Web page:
September 22, 2023
On board: Chefs across Florida are creating their own charcuterie
City Cellar chef Kevin Darr prepares meat for charcuterie board.

Dining in Florida

On board: Chefs across Florida are creating their own charcuterie

Chefs are creating their own charcuterie in restaurants — and homes — across Florida.

Chris Sherman | 1/27/2016

After two decades of smacking our lips over fine Spanish and Italian hams, French pâtés, sausages and salamis imported from all over Europe, Americans — chef and home cook alike — are making their own.

It’s not easy, but chefs across Florida are now happily salting, curing, smoking, airing and brining odd cuts of meat and packing ground pork into casings — just as it was done 500 years ago.

The recipes are not complicated, says Ted Dorsey, chef at The Mill, which opened last year in St. Petersburg. “I keep it very simple: Salt, sugar, a lot of love and time.” Lots of time has been the key to curing meat for millennia: Leave meat exposed to the air to dry. As water evaporates, the flavor matures and intensifies.

“Nothing is more rewarding than tasting what 12 months did to a ham that you butchered yourself,” says Kevin Darr of City Cellar Wine Bar & Grill in Fort Lauderdale.

In most restaurants, charcuterie comes as a “board” of selected meats and cheeses (the latter mostly out of state or imported) from $15 to $40. Add bread, pickle and mostaza, and you have a shareable feast.

If preserved and aged foods seem contrary to the demand for freshness, they sit easily with the hunger for small plates, gastro pubs, a new appreciation for pork and back-to-farmhouse basics.

Plus, they can be done in odd hours, create in-house exclusives and elevate lesser cuts at a time when top beef prices are out of sight.

The Mill

St. Petersburg

At The Mill, Ted Dorsey’s charcuterie plate can include pickled shrimp and tuna pastrami as well as an array of bacons. His favorite is the lamb-belly bacon, but he says diners are wild for octopus bacon, surprisingly fatty and creamy.

Market 17; City Cellar; Louis Bossi’s

Fort Lauderdale

Fort Lauderdale may have the longest charcuterie boards in the state.

Lauren deShields at Market 17 has mastered dozens of sausages, salamis (caraway, curry, fennel and thyme for starters) and dry-cured pork cuts, from pancetta and fiocco to lardo.

Big Time Restaurant Group has major charcuterie at both City Cellar and Louie Bossi’s.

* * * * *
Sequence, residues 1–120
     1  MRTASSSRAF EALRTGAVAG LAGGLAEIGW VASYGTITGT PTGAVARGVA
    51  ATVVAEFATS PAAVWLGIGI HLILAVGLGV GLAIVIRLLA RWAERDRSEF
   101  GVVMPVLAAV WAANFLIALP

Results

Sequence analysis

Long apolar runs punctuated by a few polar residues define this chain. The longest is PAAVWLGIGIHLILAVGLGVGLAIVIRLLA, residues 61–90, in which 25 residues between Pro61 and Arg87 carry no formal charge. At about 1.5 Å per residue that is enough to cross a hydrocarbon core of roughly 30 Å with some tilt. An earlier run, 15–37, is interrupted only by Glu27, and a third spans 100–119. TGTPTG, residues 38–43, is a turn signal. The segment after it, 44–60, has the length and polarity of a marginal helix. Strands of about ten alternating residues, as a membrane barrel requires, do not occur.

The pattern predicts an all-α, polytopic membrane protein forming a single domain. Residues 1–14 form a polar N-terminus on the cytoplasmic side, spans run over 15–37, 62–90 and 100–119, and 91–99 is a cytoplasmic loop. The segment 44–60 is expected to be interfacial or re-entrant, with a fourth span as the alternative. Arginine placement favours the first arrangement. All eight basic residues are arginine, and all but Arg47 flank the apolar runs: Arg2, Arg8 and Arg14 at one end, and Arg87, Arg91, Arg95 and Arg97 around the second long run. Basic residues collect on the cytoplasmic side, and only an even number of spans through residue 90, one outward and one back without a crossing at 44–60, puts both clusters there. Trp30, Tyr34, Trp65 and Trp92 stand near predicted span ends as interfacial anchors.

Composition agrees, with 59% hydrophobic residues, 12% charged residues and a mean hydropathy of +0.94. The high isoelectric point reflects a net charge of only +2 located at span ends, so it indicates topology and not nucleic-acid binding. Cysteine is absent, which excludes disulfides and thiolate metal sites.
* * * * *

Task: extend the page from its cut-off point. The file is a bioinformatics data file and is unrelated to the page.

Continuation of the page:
City Cellar’s chef, Kevin Darr, studied under Michigan’s Brian Polcyn, godfather of American charcuterie, and now pipes his own sausage casings and cures his own pancetta. He is delighted that savvy customers appreciate his salamis and happy to explain them to others.

His colleague, Louie Bossi at his Ristorante Bar Pizzeria, makes more than a half-dozen salumi with peppers, truffles and fennel and two of the rarest delicacies, nduja and mortadella.

Swine & Co. Provisions; The Rusty Spoon


Kathleen Blake of The Rusty Spoon specializes in the hand-made and the farm-fresh of her Iowa youth. That makes her pork-friendly “butcher’s board” with house-made condiments a favorite.

Given its spirit of whimsy and Southern traditions, it’s no surprise that the Ravenous Pig group opened Swine & Co. Provisions as both butcher shop and sit-down deli. The Swine crew makes a wide range of terrines, pates, smoked and cured meats, as well as ribeye hotdogs.

Graziano’s makes its own chorizo, blood sausage and coppa di testa.

Miami Smokers; Graziano’s


In Miami, charcuterie choices vary from numerous New American gastro pubs to a French-styled assiette lyonnaise to the Argentine flavors of Graziano’s. Now in Little Havana, hipster butchers have set up Miami Smokers, where the organic hormone-free pork is cured into thick-cut bacon, bacon jerky and salamis. Flavors run from classic French saucisson, red wine and pepper and red and green curry.

13 Gypsies


13 Gypsies calls itself a peasant kitchen and has gloried in rustic traditions from Spain to Central Europe for seven years.

Lay on the garlic bologna, fermented salami, adobo pork and anything else chef Howard Kirk can cure or smoke with passion and heart. He also makes cream cheese in house.



When Bern’s Steak House created its newest casual restaurant, Haven, chef Chad Johnson wanted to showcase artisanal foods on small plates of fine cheeses and charcuterie to match small batch wines and spirits (300 bourbons). Meats range from bison, wild boar, duck and pork in pâté, rillettes, wurst and head cheese.

Trend Kitchen


Trend Kitchen serves elegantly crafted venison, foie gras, bone marrow and kurobuta pork plus a $40 charcuterie board. Look for duck liver pate and cured wild boar seasoned with citrus and truffle from larder, pickles and jams.

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